If I understood your post correctly and that you previously used ADY successfully thinking that it was IDY, and that the only other thing that changed this time was making the dough in a warmer and more humid room, then it is possible that the excessive rise in the dough was due to the warmer room temperature. I estimate from the numbers that you gave that the total elapsed time before the dough went into the refrigerator was around 30-35 minutes and possibly a bit longer when accounting for the minor times between steps. That might have been enough time for the finished dough to achieve the higher room temperature and most likely higher because you used the entire formula water at 120 degrees F. Under the circumstances, I would punch the overrisen dough balls down and put them back into their containers and into the coolest part of your refrigerator until you are ready to use them. When you are ready to use the dough balls, I would let them get to about 60 degrees F before shaping and stretching. That might only take an hour, depending on your room temperature at the time.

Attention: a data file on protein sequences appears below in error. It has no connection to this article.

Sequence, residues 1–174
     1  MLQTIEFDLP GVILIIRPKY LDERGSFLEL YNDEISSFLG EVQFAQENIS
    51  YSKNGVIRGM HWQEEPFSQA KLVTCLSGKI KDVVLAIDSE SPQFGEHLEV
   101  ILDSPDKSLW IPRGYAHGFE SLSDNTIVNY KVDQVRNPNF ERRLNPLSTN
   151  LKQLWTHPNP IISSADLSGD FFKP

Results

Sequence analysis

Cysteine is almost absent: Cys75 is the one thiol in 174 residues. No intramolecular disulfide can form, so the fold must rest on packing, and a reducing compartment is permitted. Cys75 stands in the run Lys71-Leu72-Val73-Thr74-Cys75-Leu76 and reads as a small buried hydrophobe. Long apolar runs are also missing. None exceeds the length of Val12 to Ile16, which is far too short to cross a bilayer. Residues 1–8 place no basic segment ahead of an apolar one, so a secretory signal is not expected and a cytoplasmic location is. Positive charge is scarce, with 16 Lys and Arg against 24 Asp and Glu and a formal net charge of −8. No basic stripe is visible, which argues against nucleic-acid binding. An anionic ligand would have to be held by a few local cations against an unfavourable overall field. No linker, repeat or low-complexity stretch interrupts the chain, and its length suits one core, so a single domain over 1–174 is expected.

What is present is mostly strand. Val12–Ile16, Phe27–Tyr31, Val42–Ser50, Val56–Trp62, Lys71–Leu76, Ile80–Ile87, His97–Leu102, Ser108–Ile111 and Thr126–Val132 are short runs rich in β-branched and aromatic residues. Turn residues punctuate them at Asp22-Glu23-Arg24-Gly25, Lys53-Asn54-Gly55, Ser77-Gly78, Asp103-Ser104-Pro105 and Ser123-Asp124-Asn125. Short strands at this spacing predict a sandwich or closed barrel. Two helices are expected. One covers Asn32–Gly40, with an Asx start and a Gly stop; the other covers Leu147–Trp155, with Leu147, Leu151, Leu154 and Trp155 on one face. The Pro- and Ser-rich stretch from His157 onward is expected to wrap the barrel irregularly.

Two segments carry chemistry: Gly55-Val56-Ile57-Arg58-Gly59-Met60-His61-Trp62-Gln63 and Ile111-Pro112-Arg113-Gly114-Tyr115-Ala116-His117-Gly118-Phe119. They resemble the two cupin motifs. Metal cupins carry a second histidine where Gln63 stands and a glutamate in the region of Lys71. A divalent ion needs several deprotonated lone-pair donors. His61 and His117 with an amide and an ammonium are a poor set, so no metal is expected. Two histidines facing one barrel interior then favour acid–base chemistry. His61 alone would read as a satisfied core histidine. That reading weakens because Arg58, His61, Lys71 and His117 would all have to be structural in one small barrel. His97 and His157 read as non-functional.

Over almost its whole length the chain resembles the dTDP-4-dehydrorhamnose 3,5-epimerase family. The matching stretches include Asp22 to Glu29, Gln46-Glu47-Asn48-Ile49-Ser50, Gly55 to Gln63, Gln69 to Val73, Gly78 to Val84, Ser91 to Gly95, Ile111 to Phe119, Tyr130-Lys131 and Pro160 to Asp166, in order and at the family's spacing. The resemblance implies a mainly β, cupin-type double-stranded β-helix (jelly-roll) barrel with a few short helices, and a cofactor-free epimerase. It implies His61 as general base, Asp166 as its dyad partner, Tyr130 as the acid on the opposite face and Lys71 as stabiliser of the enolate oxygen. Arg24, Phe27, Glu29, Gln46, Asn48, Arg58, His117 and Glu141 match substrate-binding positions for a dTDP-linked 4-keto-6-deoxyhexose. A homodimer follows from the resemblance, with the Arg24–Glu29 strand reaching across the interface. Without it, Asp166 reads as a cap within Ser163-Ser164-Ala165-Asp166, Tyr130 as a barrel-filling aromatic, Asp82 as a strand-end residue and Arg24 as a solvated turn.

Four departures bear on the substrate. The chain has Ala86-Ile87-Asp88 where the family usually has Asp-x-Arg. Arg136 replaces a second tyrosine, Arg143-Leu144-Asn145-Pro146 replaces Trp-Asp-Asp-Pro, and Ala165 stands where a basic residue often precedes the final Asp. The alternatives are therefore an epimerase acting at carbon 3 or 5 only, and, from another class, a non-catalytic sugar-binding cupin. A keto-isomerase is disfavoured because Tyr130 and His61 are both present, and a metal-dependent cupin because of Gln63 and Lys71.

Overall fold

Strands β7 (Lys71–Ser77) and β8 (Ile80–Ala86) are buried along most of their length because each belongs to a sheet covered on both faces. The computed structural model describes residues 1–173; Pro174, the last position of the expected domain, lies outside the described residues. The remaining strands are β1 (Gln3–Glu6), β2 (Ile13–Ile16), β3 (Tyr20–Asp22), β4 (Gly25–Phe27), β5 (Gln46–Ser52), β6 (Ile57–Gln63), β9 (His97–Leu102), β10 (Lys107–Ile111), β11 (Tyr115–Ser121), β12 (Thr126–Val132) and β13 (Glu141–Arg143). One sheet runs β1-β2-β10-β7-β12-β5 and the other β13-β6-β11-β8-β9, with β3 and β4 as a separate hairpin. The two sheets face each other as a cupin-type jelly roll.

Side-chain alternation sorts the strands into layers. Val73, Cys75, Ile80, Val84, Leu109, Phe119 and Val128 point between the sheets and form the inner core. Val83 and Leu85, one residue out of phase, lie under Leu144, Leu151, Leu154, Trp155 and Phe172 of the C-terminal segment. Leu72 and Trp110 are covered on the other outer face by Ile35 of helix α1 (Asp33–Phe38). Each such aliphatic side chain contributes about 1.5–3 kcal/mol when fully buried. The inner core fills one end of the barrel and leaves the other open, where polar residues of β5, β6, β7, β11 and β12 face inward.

Next time, you may want to rehydrate the ADY properly should you decide to continue to use the ADY. IDY can tolerate water temperatures of around 120-130 degrees F when first mixed in with the flour, but ADY is required to be rehydrated in water at a temperature of around 105 degrees F for about 10 minutes before it is combined with the rest of the water or other ingredients. You only need a small amount of the formula water to rehydrate the ADY--about four times the weight of the ADY. The rest of the formula water can be kept cool. Keeping the rest of the formula water cool will also slow down the rate of fermentation of the dough balls and keep them from rising so quickly. The effect of the accelerated fermentation is to shorten the window of utility of the dough balls. So, you may not to want to go out several days before using them.
My practice is to try to achieve a finished dough temperature of around 75-80 degrees F. I do this by controlling the temperature of the water. Otherwise, the dough can start to ferment too quickly if the finished dough temperature is higher than 75-80 degrees F.